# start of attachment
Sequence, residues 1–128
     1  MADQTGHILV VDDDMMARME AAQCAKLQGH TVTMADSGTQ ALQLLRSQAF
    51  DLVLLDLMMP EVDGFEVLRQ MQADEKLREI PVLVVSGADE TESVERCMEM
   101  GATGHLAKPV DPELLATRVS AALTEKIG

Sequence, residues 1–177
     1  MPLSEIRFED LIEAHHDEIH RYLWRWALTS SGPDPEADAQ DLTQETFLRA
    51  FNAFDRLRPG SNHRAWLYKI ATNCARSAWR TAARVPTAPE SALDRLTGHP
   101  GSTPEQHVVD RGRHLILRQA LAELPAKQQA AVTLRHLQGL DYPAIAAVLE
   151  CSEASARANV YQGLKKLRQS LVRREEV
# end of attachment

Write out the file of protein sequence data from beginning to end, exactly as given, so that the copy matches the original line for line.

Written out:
Sequence, residues 1–128
     1  MADQTGHILV VDDDMMARME AAQCAKLQGH TVTMADSGTQ ALQLLRSQAF
    51  DLVLLDLMMP EVDGFEVLRQ MQADEKLREI PVLVVSGADE TESVERCMEM
   101  GATGHLAKPV DPELLATRVS AALTEKIG

Sequence, residues 1–177
     1  MPLSEIRFED LIEAHHDEIH RYLWRWALTS SGPDPEADAQ DLTQETFLRA
    51  FNAFDRLRPG SNHRAWLYKI ATNCARSAWR TAARVPTAPE SALDRLTGHP
   101  GSTPEQHVVD RGRHLILRQA LAELPAKQQA AVTLRHLQGL DYPAIAAVLE
   151  CSEASARANV YQGLKKLRQS LVRREEV